The People’s Market offers variety, community

Jay Engles with a small portion of the widely varied stock of Lansing’s The People’s Market. Jay and his co-owner and spouse Carol started the shop 10 years ago to sell products from their alpaca farm. The market has grown to 40 local venders since.
Jay Engles with a small portion of the widely varied stock of Lansing’s The People’s Market. Jay and his co-owner and spouse Carol started the shop 10 years ago to sell products from their alpaca farm. The market has grown to 40 local venders since.
Photo by Matt Montague
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Arrayed along walls and on tables in the middle are a wondrous and varied array of products produced locally and for sale on commission at a small market building on Atwater Road.

“There’s a market for just about everything,” said Jay Engels, co-owner of The People’s Market of Lansing, and his shop proves that.

Jay is an accountant and his co-owner, and spouse Carol is a veteran of more than two decades of teaching kindergarteners at Raymond Buckley Elementary School. They came here in 2000 and raised alpacas on Scofield Road.

Alongside that farm was a gift shop that Jay ran while working from home. People came to buy, and people came with tax questions at all hours.

When “it got to be a little old,” Jay looked for a place where they could sell their alpaca products, and he had an office in the back where he could do the books for local businesses and nonprofits.

They spent three years at the left end of the small plaza where the post office is before moving across the street, buying their own building when VooDoo Amps moved out. They’ve been there for the seven years since.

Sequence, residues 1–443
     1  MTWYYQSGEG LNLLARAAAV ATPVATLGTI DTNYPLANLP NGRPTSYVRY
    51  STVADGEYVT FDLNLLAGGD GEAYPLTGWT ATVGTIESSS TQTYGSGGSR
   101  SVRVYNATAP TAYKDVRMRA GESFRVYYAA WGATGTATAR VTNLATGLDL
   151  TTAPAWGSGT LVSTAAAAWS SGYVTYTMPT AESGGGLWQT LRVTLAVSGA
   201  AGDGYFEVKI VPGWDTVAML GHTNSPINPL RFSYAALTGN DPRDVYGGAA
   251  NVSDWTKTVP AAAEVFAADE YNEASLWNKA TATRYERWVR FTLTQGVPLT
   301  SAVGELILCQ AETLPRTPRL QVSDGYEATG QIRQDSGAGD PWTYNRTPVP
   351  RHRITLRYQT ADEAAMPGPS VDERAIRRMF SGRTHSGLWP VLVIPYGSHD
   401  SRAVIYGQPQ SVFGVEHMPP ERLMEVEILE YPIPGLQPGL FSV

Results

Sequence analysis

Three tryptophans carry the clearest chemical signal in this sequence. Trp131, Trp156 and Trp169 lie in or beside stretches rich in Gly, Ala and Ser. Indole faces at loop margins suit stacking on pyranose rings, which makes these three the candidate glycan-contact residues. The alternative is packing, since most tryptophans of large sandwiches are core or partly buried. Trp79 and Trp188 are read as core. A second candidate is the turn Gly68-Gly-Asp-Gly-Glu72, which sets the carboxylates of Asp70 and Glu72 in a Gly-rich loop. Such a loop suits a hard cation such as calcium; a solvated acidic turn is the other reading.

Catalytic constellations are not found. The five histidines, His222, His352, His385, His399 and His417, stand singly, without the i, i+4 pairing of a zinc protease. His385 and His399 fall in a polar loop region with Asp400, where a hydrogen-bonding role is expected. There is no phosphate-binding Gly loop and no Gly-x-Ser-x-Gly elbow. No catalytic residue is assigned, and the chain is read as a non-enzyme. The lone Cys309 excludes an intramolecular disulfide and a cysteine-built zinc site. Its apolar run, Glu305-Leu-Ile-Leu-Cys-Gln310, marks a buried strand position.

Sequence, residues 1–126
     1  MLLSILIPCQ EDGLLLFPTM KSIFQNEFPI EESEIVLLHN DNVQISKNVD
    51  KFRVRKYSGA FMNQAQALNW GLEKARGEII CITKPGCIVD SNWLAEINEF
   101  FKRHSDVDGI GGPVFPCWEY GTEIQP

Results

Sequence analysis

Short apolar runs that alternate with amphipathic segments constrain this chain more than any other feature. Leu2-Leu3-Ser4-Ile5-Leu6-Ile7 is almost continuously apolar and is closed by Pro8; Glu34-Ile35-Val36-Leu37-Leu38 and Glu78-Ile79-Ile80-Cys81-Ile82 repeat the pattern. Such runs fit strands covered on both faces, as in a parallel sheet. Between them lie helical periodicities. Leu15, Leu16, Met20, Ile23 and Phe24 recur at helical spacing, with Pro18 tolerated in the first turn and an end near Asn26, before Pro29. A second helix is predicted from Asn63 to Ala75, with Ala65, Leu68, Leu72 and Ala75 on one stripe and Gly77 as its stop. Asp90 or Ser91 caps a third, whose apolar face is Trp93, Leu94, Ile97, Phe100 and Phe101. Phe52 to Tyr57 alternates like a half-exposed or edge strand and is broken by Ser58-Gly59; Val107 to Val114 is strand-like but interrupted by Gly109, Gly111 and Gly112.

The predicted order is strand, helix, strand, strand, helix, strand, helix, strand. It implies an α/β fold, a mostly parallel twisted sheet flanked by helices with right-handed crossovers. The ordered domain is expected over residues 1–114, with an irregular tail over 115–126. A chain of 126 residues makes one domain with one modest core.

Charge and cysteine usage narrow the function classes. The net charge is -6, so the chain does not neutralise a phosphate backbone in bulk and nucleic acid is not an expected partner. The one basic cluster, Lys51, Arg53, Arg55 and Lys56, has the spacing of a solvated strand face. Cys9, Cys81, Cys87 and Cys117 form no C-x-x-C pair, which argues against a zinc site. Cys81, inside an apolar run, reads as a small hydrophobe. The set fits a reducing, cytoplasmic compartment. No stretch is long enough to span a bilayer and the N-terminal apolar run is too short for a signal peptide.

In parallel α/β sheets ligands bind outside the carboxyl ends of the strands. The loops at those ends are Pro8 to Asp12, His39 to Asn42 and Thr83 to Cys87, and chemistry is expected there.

“As an accountant, I don’t like paying rent,” Jay said. “Plus, it is a bigger space.”

There are four offices in the back for two lawyers (Veronica Johnson and Ed Goehler), a therapist (Abigail Stark) and a cleaning business (Coop Cleaning). A local community supported agriculture (CSA) uses the place as a drop-off site for its customers. And Jay has a commercial kitchen in the back that people use to make and package salsa and other local products.

But the main focus of the market is everything else.

“We started selling our alpaca products and asked six or seven friends to join us selling their goods on consignment,” Jay said.

Today, there are more than 40 different vendors with products in the store.

“We have a little bit of everything,” Jay said. “Soap, photography, jewelry, pottery, eggs, maple syrup. We have socks, cheese, cupcakes and cookies, macaroons. I have people who just come in for the cookies and people who just come in for the dog bones. There is local honey, which is supposed to be good for your allergies. I have people who get the honey for their dog’s allergies. And it’s supposed to be good if your dog gets a cut.”

There is a large selection of books from Lansing Sub Shop and a counter of baseball cards and sports memorabilia. For the rest, Jay buys whole estates to sort the sellable from the scrapable.

In the summer, Jay will run up the lake to an Amish market once a week to buy produce for sale out front. A local man makes sandwiches in the kitchen for sale.

“It’s unique,” Jay said. “It’s stuff that you are not going to find at Target - a good variety.”

Summer and fall tourists drive a lot of the business, but Jay said that gift buyers make November and December his busiest season, which leaves spring open for accounting season.

Having a post office across the street makes it easy for Jay to operate an online version of The People’s Market, selling goods on consignment on eBay, Craigslist and Facebook marketplace.

“I ship eight, 10, 12 or 15 packages a day in the busy season,” Jay said. “I’ve sold saxophones, musical instruments and electronics. I have about a hundred of those light-up houses people put up at Christmas for sale, model helicopters that someone’s husband used to like to tinker with. It’s 10 or 15% of the business.”

Jay takes a commission of 25% on every sale and pays his vendors monthly. New vendors approaching Jay should “look to bring in something different, so they don’t overlap with what is here already,” he said.

And why “The People’s Market”?

“We bought that sign at auction about 20 years ago and hung it over the chicken coop,” Jay said. “When we opened the store and thought about what to name it, well, we already had the sign.”

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